• Dean Barda

How do I know if my financial adviser is working in my best interest?

Updated: Aug 19, 2019

Disclaimer: This is meant to be an informational guide, nothing in this post should be interpreted as individualized advice.


Let's start by answering this question: What is a fiduciary? By simple definition, a fiduciary is a person who has an obligation (either legal or ethical) to another person to act in their best interest at all times. This seems like a pretty cut and dry explanation. One would think that it would be easy to identify if their adviser was acting in a fiduciary manner. Unfortunately, in today's financial services industry there is a lot of grey area when it comes to identifying whether or not the decisions an adviser makes are in the best interest of the client. This grey area comes from the underlying compensation structure for the adviser and the standards that adviser is held to. Thus, to effectively answer the original question, it seems best to give some insight into how advisers/planners/managers/etc. can be compensated and how that pertains to their obligation to the client.


  1. ommission-based Compensation: This kind of compensation can come in many different forms. You'll often see advisers that receive this method of compensation offer "free" financial plans to their clients. Those plans more often than not turn into a sales pitch for whatever product fits the situation. Sometimes it is hard to tell whether or not an adviser is leading with a commission-based product. Most often you will see commissions associated with the following products: Insurance products (life, disability, long-term care), annuities (fixed, variable, indexed, etc.), or investments with a sales charge (mutual funds, unit-investment trusts, REIT's, etc.). When these type of commission-based products are involved, there is an increased chance that the fiduciary relationship is not present. The reason for this is that when selling commission products, advisers must recommend products based off of the "suitability standard" not the "fiduciary standard". The suitability standard is met so long as the recommended product fits the general profile of the client's goals. This means that when an adviser is comparing the options available to the client, they are not obligated to choose what they feel is the best option. In fact, they don't even have to get close to the best option so long as the client signs on the dotted line and it passes the suitability test. This puts the burden on the client to know what is best for them, which is extremely difficult with today's financial products.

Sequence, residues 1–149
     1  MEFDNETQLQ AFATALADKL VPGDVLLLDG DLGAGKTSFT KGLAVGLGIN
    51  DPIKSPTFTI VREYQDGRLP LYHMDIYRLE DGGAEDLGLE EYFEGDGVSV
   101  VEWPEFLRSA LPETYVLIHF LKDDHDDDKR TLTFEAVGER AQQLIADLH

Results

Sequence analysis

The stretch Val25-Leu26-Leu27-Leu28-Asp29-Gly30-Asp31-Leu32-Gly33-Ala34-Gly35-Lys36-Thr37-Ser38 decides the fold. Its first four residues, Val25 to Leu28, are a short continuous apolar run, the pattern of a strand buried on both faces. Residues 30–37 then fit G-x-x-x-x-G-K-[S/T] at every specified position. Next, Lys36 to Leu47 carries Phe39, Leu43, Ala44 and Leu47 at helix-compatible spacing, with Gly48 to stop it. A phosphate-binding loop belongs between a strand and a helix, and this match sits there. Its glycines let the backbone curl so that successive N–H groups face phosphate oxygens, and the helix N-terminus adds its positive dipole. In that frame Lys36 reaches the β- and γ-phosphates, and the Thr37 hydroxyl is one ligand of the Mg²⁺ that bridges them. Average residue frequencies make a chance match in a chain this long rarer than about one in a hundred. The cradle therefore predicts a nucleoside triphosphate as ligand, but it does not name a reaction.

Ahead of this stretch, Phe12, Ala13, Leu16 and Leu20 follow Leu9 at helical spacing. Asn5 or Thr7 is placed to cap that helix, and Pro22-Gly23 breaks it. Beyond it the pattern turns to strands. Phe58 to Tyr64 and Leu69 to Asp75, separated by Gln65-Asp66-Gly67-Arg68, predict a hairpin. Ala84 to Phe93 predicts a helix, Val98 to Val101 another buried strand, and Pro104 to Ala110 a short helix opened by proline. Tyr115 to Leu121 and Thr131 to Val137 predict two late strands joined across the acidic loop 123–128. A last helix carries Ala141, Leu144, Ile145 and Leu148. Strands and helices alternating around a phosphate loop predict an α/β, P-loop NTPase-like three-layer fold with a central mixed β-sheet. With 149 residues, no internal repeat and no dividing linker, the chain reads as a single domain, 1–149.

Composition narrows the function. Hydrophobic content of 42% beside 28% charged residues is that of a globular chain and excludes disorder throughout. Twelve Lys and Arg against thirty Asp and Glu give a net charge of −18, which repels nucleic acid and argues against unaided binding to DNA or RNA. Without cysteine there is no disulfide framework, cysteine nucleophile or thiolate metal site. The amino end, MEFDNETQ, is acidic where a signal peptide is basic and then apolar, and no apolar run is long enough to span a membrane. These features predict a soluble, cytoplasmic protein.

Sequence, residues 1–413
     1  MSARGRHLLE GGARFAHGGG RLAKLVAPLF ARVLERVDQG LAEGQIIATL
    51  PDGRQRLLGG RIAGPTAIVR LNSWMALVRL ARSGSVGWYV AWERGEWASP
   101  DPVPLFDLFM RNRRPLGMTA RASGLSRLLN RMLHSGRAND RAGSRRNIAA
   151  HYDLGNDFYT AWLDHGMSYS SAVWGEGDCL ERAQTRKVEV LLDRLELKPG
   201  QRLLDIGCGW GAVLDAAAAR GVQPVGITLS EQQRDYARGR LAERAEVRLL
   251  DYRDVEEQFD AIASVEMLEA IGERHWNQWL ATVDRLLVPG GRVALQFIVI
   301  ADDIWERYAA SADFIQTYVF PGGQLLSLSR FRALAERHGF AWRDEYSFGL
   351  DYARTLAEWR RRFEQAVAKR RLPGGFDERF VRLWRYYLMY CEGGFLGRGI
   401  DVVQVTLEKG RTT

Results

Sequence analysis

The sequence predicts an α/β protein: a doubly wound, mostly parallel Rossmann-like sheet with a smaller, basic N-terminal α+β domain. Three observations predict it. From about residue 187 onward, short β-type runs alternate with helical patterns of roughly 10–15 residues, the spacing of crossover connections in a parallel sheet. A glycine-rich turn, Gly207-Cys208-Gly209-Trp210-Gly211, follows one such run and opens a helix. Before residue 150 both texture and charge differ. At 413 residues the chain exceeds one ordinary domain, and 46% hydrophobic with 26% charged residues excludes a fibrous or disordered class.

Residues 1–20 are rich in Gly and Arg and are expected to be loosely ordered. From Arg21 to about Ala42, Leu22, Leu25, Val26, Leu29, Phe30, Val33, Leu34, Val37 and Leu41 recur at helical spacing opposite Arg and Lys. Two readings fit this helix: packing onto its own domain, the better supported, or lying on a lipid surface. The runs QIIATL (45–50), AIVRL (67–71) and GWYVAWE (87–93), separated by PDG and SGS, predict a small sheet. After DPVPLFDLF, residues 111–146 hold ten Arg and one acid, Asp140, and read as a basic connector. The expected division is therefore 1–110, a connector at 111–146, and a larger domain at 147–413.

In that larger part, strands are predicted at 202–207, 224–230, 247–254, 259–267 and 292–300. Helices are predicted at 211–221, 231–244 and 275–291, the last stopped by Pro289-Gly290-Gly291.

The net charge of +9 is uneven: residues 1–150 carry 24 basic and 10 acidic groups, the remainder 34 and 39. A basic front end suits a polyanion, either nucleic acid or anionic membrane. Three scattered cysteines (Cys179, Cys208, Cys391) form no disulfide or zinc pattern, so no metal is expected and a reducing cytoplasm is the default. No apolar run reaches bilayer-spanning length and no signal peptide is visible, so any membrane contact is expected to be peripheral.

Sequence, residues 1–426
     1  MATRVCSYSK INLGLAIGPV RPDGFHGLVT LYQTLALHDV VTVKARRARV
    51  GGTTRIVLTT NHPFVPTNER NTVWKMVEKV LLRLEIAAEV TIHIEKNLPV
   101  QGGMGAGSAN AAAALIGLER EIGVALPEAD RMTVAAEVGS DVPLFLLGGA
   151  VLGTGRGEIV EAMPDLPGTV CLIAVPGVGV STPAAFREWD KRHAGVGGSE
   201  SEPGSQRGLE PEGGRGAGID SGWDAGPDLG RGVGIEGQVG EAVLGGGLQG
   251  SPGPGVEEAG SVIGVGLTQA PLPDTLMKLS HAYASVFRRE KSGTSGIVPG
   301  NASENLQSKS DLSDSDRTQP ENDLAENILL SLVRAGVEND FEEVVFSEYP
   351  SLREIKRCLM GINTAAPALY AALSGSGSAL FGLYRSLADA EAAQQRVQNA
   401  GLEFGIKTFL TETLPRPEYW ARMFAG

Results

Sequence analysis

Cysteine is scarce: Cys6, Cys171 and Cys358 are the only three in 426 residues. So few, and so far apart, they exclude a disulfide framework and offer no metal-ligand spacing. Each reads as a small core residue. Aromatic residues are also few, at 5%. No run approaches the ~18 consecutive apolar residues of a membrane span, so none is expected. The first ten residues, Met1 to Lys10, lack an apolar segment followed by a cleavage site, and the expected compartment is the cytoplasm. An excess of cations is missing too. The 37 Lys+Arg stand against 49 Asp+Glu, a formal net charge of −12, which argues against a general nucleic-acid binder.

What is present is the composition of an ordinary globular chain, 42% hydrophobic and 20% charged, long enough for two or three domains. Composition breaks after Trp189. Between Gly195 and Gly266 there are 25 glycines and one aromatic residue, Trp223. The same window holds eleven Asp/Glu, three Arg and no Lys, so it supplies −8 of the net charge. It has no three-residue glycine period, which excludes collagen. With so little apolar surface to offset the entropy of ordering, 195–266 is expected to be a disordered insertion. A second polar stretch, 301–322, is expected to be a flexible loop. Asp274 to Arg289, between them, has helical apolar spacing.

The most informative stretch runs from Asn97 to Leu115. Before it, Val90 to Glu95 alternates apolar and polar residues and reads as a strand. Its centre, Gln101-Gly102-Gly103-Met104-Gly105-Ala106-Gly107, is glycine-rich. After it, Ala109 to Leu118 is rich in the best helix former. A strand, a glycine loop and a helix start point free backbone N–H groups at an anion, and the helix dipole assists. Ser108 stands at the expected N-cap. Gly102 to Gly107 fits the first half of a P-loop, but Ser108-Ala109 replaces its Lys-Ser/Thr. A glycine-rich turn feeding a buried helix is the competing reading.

2. Fee-Only Compensation: This is the completely opposite end of the spectrum when compared to commission-based compensation. Advisers that work under this structure do not use or accept any product that pays a commission. It is common that the only means for compensation for these advisers is through financial planning fees and investment management fees. Occasionally they may offer some form of non-commission-able insurance products, but it is more common that they refer their clients to insurance brokers to cover insurance needs. The fiduciary relationship is very difficult to break with this kind of a compensation structure as there is no incentive for the adviser to act outside of the client's best interest. The client pays the adviser directly so there is no outside influence to sway the adviser's decisions.

  3. Fee-based Compensation: The middle ground between fee-only and commission based advisers. This is the most common scenario to see in the industry today and also the hardest to identify. The reason it is so difficult to identify is because most fee-based advisers can use a mix of commission-based products and also work on a fee-basis. The tricky part is knowing when they are operating on one side or the other. It is the discretion of the adviser to choose how they earn their compensation. Some "fee-based" advisers operate almost identically to that of a commission-based adviser. They can call themselves "fee-based" because they have the ability to operate on a fee-basis and they can choose not to. Others will operate more similarly to a fee-only adviser and use commission-based products only on occasions when it best suits the client. Due to this, clients must be very aware of how their adviser is choosing to receive their compensation and what implications that has for the service they receive.


To wrap up, the easiest way to find out if your adviser is acting in your best interest is to ask if they are operating as a fiduciary. If you feel that their answer isn't clear, ask them how they are compensated for helping you.


As always, I hope you gained some insight from reading this post. You are welcome to reach out to me directly if you have any further questions or comments. Email deanbarda@appleandassociates.com or call (530) 272-1345.

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